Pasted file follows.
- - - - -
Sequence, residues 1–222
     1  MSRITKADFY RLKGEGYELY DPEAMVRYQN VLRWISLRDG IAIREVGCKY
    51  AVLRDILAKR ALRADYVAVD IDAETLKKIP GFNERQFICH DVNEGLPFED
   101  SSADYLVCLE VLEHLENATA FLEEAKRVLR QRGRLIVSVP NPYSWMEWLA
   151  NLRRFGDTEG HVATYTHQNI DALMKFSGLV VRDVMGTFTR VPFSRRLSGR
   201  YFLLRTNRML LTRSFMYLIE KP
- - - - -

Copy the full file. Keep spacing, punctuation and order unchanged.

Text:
Sequence, residues 1–222
     1  MSRITKADFY RLKGEGYELY DPEAMVRYQN VLRWISLRDG IAIREVGCKY
    51  AVLRDILAKR ALRADYVAVD IDAETLKKIP GFNERQFICH DVNEGLPFED
   101  SSADYLVCLE VLEHLENATA FLEEAKRVLR QRGRLIVSVP NPYSWMEWLA
   151  NLRRFGDTEG HVATYTHQNI DALMKFSGLV VRDVMGTFTR VPFSRRLSGR
   201  YFLLRTNRML LTRSFMYLIE KP